The impact of rotator cuff pathology on isometric and isokinetic strength, function, and quality of life.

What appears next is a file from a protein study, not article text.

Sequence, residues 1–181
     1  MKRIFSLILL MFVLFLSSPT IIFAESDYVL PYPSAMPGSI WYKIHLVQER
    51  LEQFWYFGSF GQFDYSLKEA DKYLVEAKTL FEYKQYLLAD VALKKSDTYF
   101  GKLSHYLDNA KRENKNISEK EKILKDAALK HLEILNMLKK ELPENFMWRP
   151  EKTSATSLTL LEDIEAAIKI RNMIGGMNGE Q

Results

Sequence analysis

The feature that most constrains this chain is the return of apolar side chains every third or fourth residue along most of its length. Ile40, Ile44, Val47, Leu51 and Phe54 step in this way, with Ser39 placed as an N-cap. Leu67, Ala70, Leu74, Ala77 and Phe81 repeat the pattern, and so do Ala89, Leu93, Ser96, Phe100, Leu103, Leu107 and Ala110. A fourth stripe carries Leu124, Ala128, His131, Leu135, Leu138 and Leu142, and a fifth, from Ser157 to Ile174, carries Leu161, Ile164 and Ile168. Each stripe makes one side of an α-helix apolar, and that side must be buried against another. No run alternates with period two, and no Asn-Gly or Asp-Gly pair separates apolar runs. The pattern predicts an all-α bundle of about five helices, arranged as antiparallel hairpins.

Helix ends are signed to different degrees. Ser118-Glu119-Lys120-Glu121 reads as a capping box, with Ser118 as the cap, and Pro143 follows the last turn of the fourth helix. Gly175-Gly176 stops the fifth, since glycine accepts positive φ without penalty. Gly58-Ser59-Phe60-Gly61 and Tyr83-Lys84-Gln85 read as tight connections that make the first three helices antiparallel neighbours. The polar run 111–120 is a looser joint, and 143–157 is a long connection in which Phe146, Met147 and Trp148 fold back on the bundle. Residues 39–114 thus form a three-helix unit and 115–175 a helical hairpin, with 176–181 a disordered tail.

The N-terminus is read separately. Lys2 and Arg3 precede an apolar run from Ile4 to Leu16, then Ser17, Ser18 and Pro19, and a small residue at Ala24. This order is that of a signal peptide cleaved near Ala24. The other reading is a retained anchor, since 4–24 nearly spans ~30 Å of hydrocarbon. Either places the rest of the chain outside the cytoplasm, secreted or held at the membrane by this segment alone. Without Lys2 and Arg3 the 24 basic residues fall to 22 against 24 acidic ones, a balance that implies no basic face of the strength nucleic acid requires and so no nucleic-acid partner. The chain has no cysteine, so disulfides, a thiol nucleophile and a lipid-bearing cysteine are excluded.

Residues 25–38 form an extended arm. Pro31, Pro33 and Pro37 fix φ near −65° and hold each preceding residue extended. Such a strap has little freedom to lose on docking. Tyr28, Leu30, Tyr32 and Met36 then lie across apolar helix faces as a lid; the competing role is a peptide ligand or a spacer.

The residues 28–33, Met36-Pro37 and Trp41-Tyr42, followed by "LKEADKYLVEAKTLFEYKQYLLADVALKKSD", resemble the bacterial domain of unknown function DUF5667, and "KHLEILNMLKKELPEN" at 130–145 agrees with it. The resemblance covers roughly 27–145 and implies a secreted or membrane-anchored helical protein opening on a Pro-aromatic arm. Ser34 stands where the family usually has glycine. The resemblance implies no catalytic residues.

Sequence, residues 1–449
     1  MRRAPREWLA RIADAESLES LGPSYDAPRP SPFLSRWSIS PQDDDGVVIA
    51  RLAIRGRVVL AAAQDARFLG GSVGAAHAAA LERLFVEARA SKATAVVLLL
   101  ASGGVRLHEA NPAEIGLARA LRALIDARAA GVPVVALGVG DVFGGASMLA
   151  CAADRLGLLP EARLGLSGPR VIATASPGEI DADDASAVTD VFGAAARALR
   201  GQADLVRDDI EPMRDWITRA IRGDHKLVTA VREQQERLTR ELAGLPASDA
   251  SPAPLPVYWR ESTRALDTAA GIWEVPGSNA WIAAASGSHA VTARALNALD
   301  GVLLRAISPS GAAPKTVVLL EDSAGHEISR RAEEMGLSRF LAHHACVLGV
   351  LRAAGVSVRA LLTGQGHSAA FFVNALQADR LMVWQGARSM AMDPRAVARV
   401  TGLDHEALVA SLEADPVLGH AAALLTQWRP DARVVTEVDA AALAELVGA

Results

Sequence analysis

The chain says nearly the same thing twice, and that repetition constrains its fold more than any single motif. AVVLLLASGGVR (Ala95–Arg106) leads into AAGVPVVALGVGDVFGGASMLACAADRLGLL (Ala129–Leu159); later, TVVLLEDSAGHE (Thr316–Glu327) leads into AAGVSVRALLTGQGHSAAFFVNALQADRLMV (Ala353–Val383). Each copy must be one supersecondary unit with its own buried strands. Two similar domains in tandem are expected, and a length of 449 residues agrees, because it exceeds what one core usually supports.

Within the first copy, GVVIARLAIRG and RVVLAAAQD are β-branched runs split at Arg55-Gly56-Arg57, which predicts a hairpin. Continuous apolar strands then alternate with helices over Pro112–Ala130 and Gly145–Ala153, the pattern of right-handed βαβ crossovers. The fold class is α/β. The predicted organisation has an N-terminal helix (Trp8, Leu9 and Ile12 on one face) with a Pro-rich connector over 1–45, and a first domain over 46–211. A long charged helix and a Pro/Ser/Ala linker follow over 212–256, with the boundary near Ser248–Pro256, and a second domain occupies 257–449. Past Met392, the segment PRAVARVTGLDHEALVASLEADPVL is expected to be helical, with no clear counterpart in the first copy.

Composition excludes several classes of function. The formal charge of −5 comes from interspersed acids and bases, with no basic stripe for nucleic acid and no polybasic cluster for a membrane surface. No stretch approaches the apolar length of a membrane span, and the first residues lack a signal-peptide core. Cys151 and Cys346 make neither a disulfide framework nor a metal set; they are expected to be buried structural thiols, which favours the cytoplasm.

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The purposes of this study were to determine the reliability of strength and self-reporting measures, the relationship of different strength measures to function, and the impact of rotator cuff pathology on patients' quality of life. Patients with nonoperated rotator cuff pathology (n = 36) and unaffected control subjects (n = 48) were assessed by use of the LIDO dynamometer to determine isometric and isokinetic (concentric and eccentric) strength of the shoulder rotators. The Shoulder Pain and Disability Index and Short Form-36 were self-reported by patients. Intraclass correlation coefficients (ICCs) were used to assess reliability, and Pearson correlations and multiple linear regression were used to determine the relationship between strength and function. The findings of this study include the following: (1) measures of self-reported physical disability had high reliability (ICC = 0.89); (2) the LIDO dynamometer reliably measured internal and external shoulder rotation strength in both concentric and isometric modes of testing (ICC = 0.78-0.94), whereas eccentric muscle actions had lower reliability; (3) all shoulder rotation strength measures were predictive of disability, with isometric external rotation strength being the most predictive (r = 0.56); and (4) the presence of rotator cuff pathology was highly predictive of impaired physical health quality of life (R(2) = 0.71, P < .001).
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